Based on the Equator, the map is built around the western Indian Ocean, depicting coasts from Somalia to the centre of the Bay of Bengal, including the Red Sea and the Persian Gulf.
Diverse important geographic elements can be seen in interior continental regions. Foremost amongst these is the course of the Nile, with its lakes, tributaries and islands, from its source in a large lake, near a high mountain, at the heart of the empire of “Prester John”, up to the Nile delta in Lower Egypt. Secondly, the map portrays the territory of Mesopotamia, between the Tigris and the Euphrates, identifying the location of Baghdad, on the shores of a large interior gulf dotted with islands, and Basra, at one end of the Persian Gulf. A third important feature is the course of the Indus River and the Gujarat Peninsula. A fourth noteworthy element is the dense and extensive chain of islands comprising the Maldives archipelago, with a NW-SW alignment, and, slightly further north, the Lakshwadeep archipelago, near the Malabar coast. The fifth significant feature is the detail of the representation of Ceylon, which appears as a reduced version of the large-scale map of the island that Vaz Dourado included in his 1568 Atlas (f. 13).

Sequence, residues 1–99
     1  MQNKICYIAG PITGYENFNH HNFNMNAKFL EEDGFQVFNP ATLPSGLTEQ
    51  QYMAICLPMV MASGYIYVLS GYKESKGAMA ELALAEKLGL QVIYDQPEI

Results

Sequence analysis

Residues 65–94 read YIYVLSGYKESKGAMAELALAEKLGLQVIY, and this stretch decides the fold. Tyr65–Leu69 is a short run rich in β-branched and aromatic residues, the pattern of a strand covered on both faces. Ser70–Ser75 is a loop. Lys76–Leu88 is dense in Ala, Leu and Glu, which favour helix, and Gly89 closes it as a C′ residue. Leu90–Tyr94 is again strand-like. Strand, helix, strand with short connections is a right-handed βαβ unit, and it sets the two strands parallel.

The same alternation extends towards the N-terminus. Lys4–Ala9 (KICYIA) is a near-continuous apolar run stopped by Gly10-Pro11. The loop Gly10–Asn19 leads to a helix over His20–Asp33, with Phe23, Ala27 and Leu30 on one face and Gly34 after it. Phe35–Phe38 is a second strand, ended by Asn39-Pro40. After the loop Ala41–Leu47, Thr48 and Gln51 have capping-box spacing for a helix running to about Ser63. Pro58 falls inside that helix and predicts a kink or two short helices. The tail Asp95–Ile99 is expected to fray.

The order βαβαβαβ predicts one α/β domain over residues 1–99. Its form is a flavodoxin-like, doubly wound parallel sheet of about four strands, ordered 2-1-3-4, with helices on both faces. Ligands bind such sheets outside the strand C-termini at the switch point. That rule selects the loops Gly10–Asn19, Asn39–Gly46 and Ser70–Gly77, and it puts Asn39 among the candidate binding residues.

The presence of the Muslim world throughout Southwest Asia is represented by flags and shields in the Middle East, on the Arabian Peninsula, in Pakistan and in Iran. In Africa only the coat of arms of Prester John (a golden cross on a blue background) evokes that isolated Christian kingdom. Seven flags of the Order of Christ and Portugal are arrayed over the top of the map, in strategic locations: in Hormuz, at the entrance to the Persian Gulf, and along the western coast of India – Diu, Bassein, Surat, Goa, Honawar/Anjediv and Cochin – where the Portuguese presence was more intense, likewise due to the construction of important fortresses.
João Carlos Garcia
Faculdade de Letras, Universidade do Porto
(Fragment of the Universal Atlas of Fernão Vaz Dourado commentary volume)